Something about this track makes it almost unbearably catchy. It’s an earworm that you’ll get stuck in your head all day after hearing it once. The gentle guitar picking and Paisley’s unmistakable vocals make this a song that’s nearly impossible to forget.
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1) “I Drive Your Truck” by Lee Brice (2012)
Of course I had to put the most emotional song on this list as my number one. I’m pretty sure I cried the first time I heard it. Having male relatives of my own (as we all do), it was particularly painful to hear a song about a man mourning the death of his family member by driving his truck.
This song was actually written by songwriters Jessi Alexander, Connie Harrington, and Jimmy Yeary. Harrington was the one that came up with the idea for the tune, reciting a story she had heard on NPR about a father whose son had died in Afghanistan saving another soldier. The father said he remembered his son by driving his truck.
This is honestly one of the most emotional country songs I know. Lee Brice’s voice is absolutely perfect for it. The instrumentals blend incredibly well with his vocal range to make this song a complete masterpiece. It is still something I listen to regularly when I need a good cry. If you’re looking for one of the best country songs about trucks, look no further—you’ve found it.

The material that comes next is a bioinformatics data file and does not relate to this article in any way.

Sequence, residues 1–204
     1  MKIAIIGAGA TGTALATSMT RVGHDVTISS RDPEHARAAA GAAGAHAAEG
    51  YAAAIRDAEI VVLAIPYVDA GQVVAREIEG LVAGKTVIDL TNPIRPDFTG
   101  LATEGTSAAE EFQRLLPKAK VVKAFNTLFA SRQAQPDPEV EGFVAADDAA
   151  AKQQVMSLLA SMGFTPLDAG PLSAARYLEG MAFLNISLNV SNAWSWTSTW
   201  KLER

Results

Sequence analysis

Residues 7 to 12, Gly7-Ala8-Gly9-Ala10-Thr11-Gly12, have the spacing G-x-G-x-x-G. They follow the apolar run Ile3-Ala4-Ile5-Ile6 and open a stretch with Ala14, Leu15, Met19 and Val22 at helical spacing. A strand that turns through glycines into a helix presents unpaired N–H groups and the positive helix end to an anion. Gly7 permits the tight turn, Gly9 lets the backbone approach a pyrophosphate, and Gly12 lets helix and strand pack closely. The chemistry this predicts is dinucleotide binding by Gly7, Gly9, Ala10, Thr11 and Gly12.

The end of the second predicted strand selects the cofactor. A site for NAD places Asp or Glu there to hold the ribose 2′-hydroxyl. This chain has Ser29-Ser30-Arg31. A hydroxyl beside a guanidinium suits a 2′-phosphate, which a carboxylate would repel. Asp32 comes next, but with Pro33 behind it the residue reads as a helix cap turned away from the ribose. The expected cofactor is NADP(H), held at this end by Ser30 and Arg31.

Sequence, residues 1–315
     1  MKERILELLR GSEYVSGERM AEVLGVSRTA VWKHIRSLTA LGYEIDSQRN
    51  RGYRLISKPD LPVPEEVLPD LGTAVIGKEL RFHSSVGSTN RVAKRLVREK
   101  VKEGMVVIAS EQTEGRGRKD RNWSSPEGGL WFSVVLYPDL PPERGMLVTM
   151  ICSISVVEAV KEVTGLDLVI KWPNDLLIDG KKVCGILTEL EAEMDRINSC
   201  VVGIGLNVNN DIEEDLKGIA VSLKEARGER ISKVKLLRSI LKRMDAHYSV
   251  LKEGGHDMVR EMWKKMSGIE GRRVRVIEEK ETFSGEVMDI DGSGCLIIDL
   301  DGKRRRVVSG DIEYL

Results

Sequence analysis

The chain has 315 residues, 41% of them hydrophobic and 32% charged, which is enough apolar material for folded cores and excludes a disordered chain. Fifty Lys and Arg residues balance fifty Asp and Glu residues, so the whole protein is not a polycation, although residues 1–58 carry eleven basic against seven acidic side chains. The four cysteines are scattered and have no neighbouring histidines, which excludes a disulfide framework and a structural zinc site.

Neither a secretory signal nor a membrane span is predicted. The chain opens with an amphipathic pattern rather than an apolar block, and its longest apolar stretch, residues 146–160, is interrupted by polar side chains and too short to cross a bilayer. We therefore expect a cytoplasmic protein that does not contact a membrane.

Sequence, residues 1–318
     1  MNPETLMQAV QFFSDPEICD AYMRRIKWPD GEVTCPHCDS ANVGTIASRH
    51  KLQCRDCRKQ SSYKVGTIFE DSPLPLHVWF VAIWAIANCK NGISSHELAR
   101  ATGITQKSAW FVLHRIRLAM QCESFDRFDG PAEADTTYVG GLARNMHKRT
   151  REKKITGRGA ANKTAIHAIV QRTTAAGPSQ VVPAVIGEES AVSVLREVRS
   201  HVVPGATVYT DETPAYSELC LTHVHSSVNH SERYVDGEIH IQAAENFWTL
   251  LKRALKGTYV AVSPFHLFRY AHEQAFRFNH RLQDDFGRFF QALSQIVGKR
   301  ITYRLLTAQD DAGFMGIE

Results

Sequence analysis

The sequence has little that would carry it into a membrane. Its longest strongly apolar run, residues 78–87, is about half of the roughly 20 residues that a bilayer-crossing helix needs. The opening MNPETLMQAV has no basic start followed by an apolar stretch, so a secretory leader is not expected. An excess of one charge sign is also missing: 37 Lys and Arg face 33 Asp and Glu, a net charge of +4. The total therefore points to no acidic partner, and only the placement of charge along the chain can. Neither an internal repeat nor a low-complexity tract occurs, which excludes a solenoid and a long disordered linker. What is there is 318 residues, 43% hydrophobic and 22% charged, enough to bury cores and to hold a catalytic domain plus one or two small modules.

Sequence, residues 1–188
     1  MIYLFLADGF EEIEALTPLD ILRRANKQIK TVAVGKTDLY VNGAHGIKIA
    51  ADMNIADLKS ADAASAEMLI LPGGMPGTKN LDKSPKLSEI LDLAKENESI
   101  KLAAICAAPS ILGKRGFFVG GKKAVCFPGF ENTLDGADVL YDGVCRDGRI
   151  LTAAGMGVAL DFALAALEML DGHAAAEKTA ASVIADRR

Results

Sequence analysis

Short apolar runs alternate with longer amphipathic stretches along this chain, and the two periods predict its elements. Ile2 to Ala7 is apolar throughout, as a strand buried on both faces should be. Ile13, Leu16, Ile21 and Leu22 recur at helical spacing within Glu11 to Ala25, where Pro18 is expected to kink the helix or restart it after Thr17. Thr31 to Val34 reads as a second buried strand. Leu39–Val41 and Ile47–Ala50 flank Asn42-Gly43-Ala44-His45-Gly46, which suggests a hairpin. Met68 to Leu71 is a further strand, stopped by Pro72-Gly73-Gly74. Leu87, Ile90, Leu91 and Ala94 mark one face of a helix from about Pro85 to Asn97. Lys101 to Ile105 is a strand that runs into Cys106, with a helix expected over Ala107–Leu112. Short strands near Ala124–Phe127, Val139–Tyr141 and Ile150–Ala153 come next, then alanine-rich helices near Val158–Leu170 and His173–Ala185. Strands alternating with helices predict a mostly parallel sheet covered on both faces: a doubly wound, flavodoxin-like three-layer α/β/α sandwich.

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While some may seem relatively straightforward on the surface, a lot of country songs about trucks are actually celebrations of life, love, and growing up in the South. Driving trucks will always be a common way of life in the Southern states, and there will always be new songs coming out to celebrate that.
This song was written by Angela and edited by Michael.